Yep, it’s true. On 20 September, dimheads are gonq to go all ‘splody about an innocuous life and safety warning enacted by FEMA in coordinations with the FCC:
The Federal Emergency Management Agency (FEMA), in coordination with the Federal Communications Commission (FCC), will conduct a nationwide test of the Emergency Alert System (EAS) and Wireless Emergency Alerts (WEA) on September 20, 2018. The WEA portion of the test commences at 2:18 p.m. EDT, and the EAS portion follows at 2:20 p.m. EDT. The test will assess the operational readiness of the infrastructure for distribution of a national message and determine whether improvements are needed.
The WEA test message will be sent to cell phones that are connected to wireless providers participating in WEA. This is the fourth EAS nationwide test and the first national WEA test. Previous EAS national tests were conducted in November 2011, September 2016, and September 2017 in collaboration with the FCC, broadcasters, and emergency management officials in recognition of FEMA’s National Preparedness Month.
The EAS is a national public warning system that provides the President with the communications capability to address the nation during a national emergency. The test is made available to EAS participants (i.e., radio and television broadcasters, cable systems, satellite radio and television providers, and wireline video providers) and is scheduled to last approximately one minute. The test message will be similar to regular monthly EAS test messages with which the public is familiar. The EAS message will include a reference to the WEA test:
“THIS IS A TEST of the National Emergency Alert System. This system was developed by broadcast and cable operators in voluntary cooperation with the Federal Emergency Management Agency, the Federal Communications Commission, and local authorities to keep you informed in the event of an emergency. If this had been an actual emergency an official message would have followed the tone alert you heard at the start of this message. A similar wireless emergency alert test message has been sent to all cell phones nationwide. Some cell phones will receive the message; others will not. No action is required.”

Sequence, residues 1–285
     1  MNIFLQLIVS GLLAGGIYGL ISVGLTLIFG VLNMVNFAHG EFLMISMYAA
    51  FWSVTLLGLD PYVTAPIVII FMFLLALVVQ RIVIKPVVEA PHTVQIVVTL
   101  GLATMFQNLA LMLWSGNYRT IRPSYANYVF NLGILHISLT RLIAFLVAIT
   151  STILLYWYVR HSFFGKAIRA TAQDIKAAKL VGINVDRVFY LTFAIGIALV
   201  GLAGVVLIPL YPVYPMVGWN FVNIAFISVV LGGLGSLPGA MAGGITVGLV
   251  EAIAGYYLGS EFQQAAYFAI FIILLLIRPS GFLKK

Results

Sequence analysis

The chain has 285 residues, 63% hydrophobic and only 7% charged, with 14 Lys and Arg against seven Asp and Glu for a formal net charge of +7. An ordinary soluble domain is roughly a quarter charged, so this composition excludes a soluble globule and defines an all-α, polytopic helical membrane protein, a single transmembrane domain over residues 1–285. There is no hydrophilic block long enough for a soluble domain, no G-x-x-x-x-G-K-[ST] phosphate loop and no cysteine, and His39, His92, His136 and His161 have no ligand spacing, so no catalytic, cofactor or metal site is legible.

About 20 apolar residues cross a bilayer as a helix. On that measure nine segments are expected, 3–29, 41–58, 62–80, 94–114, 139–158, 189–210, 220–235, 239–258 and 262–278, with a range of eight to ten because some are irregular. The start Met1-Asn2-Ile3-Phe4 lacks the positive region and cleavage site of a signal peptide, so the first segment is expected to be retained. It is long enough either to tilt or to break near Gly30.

Now guess who spazzed out over the text in bold above? You got it.
English speak Josh that almost.
Charles Johnson has never been employed in an office of 50 people.
Yeah. Charles Johnson doesn’t want to be bothered with local child abduction alerts, fire and police warnings, or public safety National Security PSAs because TRUMP.
Charles, you’re a mess.
Charles Johnson (Who Is Not A Racist) Disparages Mexican Cuisine and Presents a Tutorial on AsswipingPosted: September 9, 2018
Yeah, right, Charles. How many times did you use the term “Oil Tick” to disparage all people of mideastern descent? Or are you crowing again about “Mr. Mossberg?”
The following comments were flushed down the LGF Memory Hole long ago, but here they are verbatim:
No ethnic racism there. None at all, and it appears that an un-named proctologist had to teach Charles Johnson the proper way to wipe his ass.
[2nd & 3rd screencaps via the BRC Archives and the Nil Stooge Comment Recreation Tool. Top screencap via @Jack.]
Great song, Charles, but they ain’t be no such thang as “polk salad,” and I doubt that you’ve ever met anyone from Louisiana, let alone been there. Y’all wouldn’t know a pokeweed from Barrett Brown.
Poke Sallet is a cooked dish made from pokeweed (poke) that grows wild in the south. Pokeweed is poisonous/toxic except for young un-mature sprouts, grows over 6 feet tall, with big leaves, purple stems and white popcorn-shaped berries. I remember it being called “Hillbilly Acid.” I never ate it.
Now quit pretending to be hip with the soul food crowd and go away.
Charles F. Johnson was served with divorce papers years ago, and those papers likely included a “Non-Disclosure Agreement” It’s a binding contract, where both parties agree to shut up about whatever they agree to shut up about for whatever reasons, even if it has to do with pissing in plastic soda bottles that once contained Mountain Dew. It’s nobody’s business except for the two parties involved, and it’s perfectly legal.
It’s also perfectly legal for anyone to settle lawsuits and disputed debts, whether or not that person is thinking of / or running for office, as long as the money is transferred from private accounts and not from campaign financing. This is common law, but Charles Johnson, self-anointed federal judge, claims it’s illegal. It’s not.
Charles, you signed a Non-Disclosure Agreement with Atari, yeah? What would have happened had you violated that binding agreement by releasing platform code? Probably nothing since Atari went blooey once you showed up. Awesome work, Charles.